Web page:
Beacon Cat Sanctuary Devastated by Fire

Shelter seeks donations of time and money

By Sommer Hixson

Cassiopeia, Stuffin, Floopey, Daniel, Pieces, Sadie, Sparkler and Atlas. These are the eight cats that lost their lives in a fire on Saturday that blazed through the Isolation Ward of Mid Hudson Animal Aid’s cat sanctuary in Beacon. All humans at the scene were unharmed as were most of the no-kill shelter’s 160 abandoned or abused cats and kittens. Even so, much of the facility will have to be either partially or fully rebuilt. Staff and volunteers at the shelter are heartbroken over the loss of their furry friends, some of which are still missing.

A member of the City of Beacon Fire Department surveys the damage from Saturday's blaze at Mid Hudson Animal Aid. Photo by MHAA Board President Don Petruncola

A member of the City of Beacon Fire Department surveys the damage from Saturday’s blaze at Mid Hudson Animal Aid. (Photo by MHAA Board President Don Petruncola)

At approximately 11 a.m. on Saturday, Sept. 14, a cacophony of sirens blared across Beacon’s east side. Within minutes, trucks from four different fire departments in the area were lined up on Simmons Lane, which leads to the property Mid Hudson Animal Aid (MHAA) shares with the Animal Rescue Foundation (ARF). Several more cars and trucks were parked along the shoulder of Wolcott Avenue/Route 9D: a small army of first-responders, including Hudson Highlands Veterinary Medical Group, Roosevelt Animal Hospital, Animal Kind, Pets Alive, Hudson Valley SPCA, Ulster SPCA, and lots of volunteers.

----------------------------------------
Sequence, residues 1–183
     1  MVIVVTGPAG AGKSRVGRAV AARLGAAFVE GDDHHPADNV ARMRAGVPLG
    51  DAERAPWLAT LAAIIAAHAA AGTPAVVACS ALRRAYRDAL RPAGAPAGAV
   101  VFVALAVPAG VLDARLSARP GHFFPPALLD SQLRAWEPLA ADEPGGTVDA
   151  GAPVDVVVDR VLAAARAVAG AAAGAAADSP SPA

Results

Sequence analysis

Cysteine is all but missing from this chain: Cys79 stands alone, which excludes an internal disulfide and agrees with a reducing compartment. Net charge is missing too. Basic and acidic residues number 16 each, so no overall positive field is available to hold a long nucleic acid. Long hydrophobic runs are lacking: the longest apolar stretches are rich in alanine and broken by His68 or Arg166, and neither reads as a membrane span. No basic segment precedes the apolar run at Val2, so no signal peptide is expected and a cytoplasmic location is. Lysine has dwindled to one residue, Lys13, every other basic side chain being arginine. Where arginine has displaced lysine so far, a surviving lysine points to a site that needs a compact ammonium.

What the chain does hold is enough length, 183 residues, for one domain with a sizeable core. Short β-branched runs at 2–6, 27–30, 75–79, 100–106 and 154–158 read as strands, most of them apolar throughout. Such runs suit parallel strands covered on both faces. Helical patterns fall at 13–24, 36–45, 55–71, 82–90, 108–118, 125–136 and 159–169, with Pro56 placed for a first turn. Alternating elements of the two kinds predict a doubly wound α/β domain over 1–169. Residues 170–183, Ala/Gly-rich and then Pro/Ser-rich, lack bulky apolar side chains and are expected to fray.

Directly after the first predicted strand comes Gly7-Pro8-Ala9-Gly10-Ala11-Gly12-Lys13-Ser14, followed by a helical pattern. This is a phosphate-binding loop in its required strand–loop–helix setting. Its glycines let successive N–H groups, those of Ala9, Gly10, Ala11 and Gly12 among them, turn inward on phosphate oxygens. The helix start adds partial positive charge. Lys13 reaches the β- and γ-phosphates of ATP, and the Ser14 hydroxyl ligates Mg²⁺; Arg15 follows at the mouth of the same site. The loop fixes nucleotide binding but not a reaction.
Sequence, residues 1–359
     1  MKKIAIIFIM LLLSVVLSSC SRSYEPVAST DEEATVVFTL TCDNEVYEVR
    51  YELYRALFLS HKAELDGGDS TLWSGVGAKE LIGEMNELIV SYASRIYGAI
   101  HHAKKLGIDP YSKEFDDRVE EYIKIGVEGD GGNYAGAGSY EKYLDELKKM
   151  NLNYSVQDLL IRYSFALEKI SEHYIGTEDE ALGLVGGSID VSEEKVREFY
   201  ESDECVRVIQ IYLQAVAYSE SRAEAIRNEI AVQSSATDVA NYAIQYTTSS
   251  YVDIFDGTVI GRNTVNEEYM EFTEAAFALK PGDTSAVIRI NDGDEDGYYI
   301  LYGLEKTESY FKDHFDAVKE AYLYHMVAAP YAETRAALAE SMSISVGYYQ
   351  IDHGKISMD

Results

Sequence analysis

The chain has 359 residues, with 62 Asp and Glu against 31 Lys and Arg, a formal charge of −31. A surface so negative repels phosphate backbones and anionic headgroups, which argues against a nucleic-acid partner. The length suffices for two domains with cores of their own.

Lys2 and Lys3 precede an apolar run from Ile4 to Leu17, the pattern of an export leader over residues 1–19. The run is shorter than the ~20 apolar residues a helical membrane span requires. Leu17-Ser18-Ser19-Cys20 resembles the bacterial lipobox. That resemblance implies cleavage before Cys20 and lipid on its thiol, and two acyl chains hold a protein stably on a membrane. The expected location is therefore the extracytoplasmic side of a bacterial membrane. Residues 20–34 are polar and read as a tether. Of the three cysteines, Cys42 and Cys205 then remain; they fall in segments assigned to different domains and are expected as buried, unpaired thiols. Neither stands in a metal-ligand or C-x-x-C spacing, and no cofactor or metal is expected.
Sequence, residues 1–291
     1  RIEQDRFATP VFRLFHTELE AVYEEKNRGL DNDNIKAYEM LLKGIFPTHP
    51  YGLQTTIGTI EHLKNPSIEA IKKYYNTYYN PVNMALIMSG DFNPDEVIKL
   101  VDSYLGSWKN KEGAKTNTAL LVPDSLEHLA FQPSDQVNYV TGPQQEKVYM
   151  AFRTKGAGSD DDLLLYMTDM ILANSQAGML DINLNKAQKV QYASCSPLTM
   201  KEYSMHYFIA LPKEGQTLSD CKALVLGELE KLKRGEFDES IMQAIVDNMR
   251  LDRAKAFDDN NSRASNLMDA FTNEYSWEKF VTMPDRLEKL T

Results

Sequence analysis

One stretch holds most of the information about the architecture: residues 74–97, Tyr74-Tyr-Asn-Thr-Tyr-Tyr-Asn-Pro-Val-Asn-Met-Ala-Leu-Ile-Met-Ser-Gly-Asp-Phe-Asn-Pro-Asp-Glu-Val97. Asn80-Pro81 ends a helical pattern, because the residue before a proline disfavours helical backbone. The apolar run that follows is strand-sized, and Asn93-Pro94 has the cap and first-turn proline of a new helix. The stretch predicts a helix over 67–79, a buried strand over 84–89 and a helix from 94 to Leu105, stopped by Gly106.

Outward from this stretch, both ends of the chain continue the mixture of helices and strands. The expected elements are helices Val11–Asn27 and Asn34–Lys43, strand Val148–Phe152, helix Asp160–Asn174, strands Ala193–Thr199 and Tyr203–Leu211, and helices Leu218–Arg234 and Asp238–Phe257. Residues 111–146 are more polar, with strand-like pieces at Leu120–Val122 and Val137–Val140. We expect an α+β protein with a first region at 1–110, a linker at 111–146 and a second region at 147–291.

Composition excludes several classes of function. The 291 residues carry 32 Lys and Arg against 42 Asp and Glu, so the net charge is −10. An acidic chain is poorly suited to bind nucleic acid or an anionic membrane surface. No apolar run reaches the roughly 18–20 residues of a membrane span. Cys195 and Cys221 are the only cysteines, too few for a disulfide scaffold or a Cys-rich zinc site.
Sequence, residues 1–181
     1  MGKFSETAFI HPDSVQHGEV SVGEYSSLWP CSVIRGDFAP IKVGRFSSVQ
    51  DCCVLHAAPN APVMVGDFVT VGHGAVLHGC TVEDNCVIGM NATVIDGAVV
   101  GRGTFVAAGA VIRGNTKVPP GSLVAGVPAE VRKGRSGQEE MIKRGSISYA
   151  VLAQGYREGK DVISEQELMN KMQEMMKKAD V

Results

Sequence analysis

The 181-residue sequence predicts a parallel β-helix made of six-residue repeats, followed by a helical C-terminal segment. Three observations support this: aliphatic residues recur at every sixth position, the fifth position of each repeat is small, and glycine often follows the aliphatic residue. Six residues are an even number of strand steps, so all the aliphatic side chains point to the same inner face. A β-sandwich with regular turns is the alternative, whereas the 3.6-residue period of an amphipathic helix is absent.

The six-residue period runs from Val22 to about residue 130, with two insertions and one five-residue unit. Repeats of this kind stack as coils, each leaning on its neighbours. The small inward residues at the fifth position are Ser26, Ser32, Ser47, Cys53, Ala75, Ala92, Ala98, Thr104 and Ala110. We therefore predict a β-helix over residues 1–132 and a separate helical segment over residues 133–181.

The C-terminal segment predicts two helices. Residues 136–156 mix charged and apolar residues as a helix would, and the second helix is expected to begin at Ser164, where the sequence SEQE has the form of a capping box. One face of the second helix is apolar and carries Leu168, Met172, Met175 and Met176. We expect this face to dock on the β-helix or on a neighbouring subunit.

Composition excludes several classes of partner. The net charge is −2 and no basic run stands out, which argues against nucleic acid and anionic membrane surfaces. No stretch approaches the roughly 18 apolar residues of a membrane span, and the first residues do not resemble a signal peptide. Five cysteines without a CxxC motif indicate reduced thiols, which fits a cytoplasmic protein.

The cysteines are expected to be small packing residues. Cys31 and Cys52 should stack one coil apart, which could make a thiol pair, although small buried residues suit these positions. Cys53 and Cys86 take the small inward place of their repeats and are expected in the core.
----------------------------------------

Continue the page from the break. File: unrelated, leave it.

Saturdays are traditionally the busiest day of the week for shelters and vets. That morning, MHAA was already short-staffed because of two separate feline emergencies, leaving employee Audrey Lodato and a few volunteers to confront the fire that had started in the Isolation Ward, the one room in the free-range facility where cats are caged. Also in the building were three moms with their daughters, helping out that day.